How To Survive A Plague


Reviewed by: Jennie Kermode

"This is not just a piece of history, it's a how-to guide with lasting relevance."

There are some things one never expects to be able to look back on as history. There are times when doing so reveals causes and consequences one could never have guessed at the time. On the surface a straightforward documentary account, How To Survive A Plague digs deep under the skin of its subject to develop a narrative that is bold, insightful and still emotionally raw.

Back in the early 1980s, gay men and intravenous drug users starting dropping dead in the prime of life, their immune systems mysteriously failing them. Soon it became apparent that other sections of the population were affected too, though this awareness took a while to grow, allowing plenty of time for the development of prejudice that still lingers today. Vitriol and violence were targeted at the weak. Yet at the time, in the gay community, these seemed minor compared to the sheer horror of losing so many people in an apparently random way. "It was like living in a war zone," one survivor recalls. "Friends were dying all around me."

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From The Omega Man to Perfect Sense, cinema has built many stories around plagues, around human reactions to the threat of extermination. As is often the case, how people respond in real life exceeded expectations. This is the story of Act Up, the New York City pressure group that transformed society's approach to the disease. It follows artists who through sheer hard work transfomed themselves into epidemiologists and clinicians, running underground drug trials until they were able to win the attention and respect of big pharmaceutical companies. It follows bereaved partners and family members who took their fight first to the city streets, then to Congress, then to the White House itself. It is a heroic tale, but more effective because it also shows naivety, failures, splits, despondency, the heartbreak and the petty quarrels along the way. Overcoming these human difficulties, which will be familiar to anyone who has done activist work, proved as vital as the rest.

In keeping with the inspirational nature of its subject, this film takes an approach to science and politics that invites the viewer in, making complex stories accessible without ever becoming boring. It's a must watch for those in the medical professions but easy enough to follow even for complete beginners. Through this, a bigger picture develops. Act Up not only changed the way AIDS was understood and treated, but the way doctors and pharmaceutical companies interact with patients generally, opening up a once secretive culture. Furthermore, their actions had an enormous impact on the burgeoning LGBT rights movement. Formerly cowed minority groups became aware that they could have a political impact. Looking at this today, one cannot help but note what pollsters have said about the LGBT vote being a key factor in the re-election of President Obama, a turning point in history where the locus of power shifted from a dominant majority group to a collective of smaller ones. Although these issues are not addressed directly by the film, the changing landscape is made visible by judicious use of archive interview and press conference material, vox pops and clps of home video.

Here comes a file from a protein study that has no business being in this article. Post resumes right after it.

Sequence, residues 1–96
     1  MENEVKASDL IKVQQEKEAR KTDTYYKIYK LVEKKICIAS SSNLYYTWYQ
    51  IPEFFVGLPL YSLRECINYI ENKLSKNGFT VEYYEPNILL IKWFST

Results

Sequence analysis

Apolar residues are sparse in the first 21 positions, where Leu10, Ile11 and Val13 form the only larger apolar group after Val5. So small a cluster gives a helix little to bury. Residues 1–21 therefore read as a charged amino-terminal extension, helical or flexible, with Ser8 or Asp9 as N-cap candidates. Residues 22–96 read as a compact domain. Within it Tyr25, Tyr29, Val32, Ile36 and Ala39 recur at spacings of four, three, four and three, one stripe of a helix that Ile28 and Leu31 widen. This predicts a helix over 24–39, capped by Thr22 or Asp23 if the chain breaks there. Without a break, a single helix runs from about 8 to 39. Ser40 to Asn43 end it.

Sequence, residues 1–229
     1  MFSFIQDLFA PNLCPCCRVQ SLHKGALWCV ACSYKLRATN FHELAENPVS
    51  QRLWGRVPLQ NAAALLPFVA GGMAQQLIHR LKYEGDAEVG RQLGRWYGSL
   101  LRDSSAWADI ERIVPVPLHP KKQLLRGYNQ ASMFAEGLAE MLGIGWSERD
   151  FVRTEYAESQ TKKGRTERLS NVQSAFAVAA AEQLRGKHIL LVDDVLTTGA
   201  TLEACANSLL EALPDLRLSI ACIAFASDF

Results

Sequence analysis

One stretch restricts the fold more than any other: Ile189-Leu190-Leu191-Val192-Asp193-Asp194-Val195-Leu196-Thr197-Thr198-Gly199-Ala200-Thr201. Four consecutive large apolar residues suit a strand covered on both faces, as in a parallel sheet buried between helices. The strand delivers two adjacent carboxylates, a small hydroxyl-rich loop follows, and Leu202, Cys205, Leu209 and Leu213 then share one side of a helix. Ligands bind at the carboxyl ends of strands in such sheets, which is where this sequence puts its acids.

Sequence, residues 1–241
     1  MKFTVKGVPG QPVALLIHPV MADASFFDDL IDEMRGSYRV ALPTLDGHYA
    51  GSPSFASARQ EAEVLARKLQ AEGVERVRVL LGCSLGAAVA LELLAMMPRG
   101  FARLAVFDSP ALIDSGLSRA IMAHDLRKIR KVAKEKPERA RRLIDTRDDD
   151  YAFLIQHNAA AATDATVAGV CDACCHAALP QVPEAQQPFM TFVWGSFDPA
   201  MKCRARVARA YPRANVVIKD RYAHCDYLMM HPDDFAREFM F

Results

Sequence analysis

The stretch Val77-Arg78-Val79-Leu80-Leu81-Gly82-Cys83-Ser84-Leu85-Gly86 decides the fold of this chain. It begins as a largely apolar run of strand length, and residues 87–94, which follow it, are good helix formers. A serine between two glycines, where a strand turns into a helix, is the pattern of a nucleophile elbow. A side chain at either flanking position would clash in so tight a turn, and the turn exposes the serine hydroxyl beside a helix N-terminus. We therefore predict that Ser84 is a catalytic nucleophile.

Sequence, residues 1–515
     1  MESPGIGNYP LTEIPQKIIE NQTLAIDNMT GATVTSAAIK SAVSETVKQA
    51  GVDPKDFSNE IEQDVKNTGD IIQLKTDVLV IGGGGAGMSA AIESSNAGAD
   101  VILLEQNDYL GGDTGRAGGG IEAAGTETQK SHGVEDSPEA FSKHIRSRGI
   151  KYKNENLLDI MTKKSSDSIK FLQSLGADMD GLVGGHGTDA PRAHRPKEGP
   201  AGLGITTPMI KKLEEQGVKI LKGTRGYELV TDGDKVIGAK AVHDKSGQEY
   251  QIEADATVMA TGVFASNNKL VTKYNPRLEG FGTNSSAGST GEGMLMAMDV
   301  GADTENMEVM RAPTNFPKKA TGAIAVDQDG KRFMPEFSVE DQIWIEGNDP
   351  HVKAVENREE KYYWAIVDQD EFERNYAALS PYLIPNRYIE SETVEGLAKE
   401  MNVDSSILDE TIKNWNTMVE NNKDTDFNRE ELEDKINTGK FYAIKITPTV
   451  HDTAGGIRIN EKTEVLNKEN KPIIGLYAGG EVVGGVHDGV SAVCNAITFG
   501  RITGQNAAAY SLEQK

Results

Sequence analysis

Of course, AIDS is still out there, and if the film ends on a note of triumph, looking at those original Act Up members who survived, this is undercut by an intertitle reminding us that where treatment is unaffordable, one person dies from AIDS-related causes every four minutes. It's a sobering note that helps to keep things in perspective. This is not just a piece of history, it's a how-to guide with lasting relevance. What it really has to celebrate is not what has been achieved but what can be achieved, what is possible if people work together. Its message extends to issues far beyond AIDS, and yet it is, in part, the story of how one virus has transformed the world as we know it.

Reviewed on: 16 Dec 2012
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The story of Act Up and the ordinary people who transformed the tratment of AIDS.
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Director: David France

Year: 2011

Runtime: 108 minutes

Country: US

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